This collection was published by the Lordly Dish Nanopress, a purpose-formed, single-publication poetry press. More on the nanopress poetry publishing model here.
Foreword for Forever Will End On Thursday by Nic Sebastian
The options for publishing a first book for a poet in my situation (that is, with several dozen individual poems already published by a range of reputable poetry journals) are limited. I could enter the poetry contest stakes and repeatedly submit my manuscript along with hundreds or thousands of others at $25 or so a try. I could also submit to one of the relatively few presses that still read unsolicited manuscripts free. But – the merits or demerits of either option aside – the fact is that in both cases the statistical chances of success are tiny and continually dwindling in the face of growing demand.
A third option might be to self-publish my manuscript, but that process, while it has had success in some cases, is also broadly problematic, in that it lacks that key element of credibility a poetry press brings to a manuscript – the outside editor’s judgment and gravitas, which both affirm and help hone the poet’s vision.
Through the Lordly Dish Nanopress (a single-publication project), editor Jill Alexander Essbaum and I hope to pioneer a new poetry publishing model that brings together, on a one-time basis, an independent editor’s judgment and gravitas and a poet’s manuscript, effectively by-passing the poetry-contest gamble and the dwindling opportunities offered both by big presses and by heroic but limited-capacity no-fee/no-contest small presses.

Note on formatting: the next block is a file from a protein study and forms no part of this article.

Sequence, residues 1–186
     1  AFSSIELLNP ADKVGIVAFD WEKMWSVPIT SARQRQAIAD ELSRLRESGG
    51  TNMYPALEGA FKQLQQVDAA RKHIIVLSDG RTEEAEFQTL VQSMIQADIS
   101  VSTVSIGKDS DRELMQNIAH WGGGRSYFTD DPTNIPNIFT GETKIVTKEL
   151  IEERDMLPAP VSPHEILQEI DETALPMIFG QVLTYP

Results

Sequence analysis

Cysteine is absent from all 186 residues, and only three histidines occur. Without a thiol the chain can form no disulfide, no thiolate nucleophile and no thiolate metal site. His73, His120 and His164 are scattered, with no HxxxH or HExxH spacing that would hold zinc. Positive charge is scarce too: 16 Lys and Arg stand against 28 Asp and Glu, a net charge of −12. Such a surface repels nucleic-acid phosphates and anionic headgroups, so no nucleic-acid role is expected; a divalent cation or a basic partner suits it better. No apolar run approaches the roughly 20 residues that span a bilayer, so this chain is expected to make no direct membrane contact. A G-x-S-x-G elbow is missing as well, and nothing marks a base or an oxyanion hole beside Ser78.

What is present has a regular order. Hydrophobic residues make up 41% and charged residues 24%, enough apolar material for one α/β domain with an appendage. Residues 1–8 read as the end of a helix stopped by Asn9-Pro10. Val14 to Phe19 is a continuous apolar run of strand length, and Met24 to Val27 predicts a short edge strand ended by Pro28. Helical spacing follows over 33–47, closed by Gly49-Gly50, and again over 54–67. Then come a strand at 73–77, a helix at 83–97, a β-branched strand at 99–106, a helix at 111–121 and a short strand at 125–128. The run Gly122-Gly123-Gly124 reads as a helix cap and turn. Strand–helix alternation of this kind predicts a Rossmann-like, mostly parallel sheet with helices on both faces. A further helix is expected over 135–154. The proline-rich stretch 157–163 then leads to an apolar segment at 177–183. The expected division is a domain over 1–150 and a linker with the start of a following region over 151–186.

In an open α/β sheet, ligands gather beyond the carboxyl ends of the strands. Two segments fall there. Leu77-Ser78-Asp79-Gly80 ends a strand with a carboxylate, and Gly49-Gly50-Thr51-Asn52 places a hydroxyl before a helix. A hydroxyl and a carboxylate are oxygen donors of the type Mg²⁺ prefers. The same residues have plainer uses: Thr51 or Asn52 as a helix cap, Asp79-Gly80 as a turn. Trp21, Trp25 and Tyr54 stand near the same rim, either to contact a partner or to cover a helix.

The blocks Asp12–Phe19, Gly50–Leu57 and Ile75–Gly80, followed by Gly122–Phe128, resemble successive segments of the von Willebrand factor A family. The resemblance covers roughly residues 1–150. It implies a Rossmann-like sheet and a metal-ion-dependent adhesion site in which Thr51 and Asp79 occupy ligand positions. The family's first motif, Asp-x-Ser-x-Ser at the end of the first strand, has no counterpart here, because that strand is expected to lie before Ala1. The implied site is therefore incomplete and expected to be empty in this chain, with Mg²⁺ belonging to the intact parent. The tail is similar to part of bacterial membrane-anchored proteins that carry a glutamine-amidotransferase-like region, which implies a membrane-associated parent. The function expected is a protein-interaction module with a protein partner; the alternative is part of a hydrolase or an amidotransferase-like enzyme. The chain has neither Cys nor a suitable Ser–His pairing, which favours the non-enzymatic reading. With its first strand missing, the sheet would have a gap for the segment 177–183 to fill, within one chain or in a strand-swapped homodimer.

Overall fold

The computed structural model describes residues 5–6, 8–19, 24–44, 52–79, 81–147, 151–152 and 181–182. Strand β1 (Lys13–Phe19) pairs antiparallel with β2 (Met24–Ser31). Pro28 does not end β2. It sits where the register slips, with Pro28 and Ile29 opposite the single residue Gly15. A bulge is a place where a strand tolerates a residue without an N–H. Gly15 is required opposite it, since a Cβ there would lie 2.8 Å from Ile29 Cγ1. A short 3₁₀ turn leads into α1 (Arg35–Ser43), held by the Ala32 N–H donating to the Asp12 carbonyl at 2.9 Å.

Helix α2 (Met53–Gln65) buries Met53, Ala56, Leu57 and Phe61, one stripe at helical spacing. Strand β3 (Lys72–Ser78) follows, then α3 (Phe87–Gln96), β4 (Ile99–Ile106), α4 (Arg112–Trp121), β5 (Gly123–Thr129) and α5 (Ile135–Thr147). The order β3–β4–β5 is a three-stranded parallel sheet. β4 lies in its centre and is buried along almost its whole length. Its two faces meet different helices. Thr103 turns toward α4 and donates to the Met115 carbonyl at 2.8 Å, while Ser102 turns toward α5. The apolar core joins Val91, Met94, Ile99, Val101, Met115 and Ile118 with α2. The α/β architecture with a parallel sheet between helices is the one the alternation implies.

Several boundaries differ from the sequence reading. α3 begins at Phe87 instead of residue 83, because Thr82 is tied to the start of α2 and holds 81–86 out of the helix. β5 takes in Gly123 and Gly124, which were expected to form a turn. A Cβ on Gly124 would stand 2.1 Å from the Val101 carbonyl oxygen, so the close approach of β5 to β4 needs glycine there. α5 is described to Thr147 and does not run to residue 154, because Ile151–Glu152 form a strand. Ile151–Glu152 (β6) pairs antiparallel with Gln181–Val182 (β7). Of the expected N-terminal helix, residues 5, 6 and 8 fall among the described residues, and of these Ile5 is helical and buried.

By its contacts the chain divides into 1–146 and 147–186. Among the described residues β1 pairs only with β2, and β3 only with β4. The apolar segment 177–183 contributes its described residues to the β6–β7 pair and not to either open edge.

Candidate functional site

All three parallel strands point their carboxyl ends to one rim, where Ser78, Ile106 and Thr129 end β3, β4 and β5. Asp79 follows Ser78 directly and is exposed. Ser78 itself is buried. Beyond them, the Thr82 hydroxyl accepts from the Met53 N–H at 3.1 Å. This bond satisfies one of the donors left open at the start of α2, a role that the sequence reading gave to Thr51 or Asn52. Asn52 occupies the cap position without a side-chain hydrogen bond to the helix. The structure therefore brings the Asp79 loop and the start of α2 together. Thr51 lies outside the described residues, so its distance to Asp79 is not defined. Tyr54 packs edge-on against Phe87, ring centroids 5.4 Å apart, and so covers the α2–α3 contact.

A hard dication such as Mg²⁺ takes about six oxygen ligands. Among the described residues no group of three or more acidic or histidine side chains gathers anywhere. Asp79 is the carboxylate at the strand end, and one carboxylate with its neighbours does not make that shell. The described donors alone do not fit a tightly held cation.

There are no words to express my gratitude to Jill for so generously volunteering her time during the two years of this project, for her superlative editing skills, her sensitivity and patience, and for her belief in my work. My process notes detailing the tremendous experience of being competently edited can be found at this link. Warmest thanks also go to photographer Paula Grenside for giving permission to use one of her wonderful photos as cover art.
This process has been an intensive learning experience for me on many levels and I look forward to volunteering my own editing skills and experience to a poet looking to publish a first collection under the nanopress paradigm.
Financially – although future nanopress collaborators are obviously free to decide differently on this point – the Lordly Dish Nanopress is a no-profit enterprise. This volume is for sale directly from its print-on-demand publisher at cost-price and is also available online as a free PDF download.
This is about encouraging each other to find creative and credible new ways to get the work of more dedicated poets out past existing publication bottle-necks, while still applying credible ‘quality control’ measures. I hope other poets and one-time editors will adopt the nanopress paradigm. I hope that others still will develop ever more creative publishing paradigms for the benefit of us all.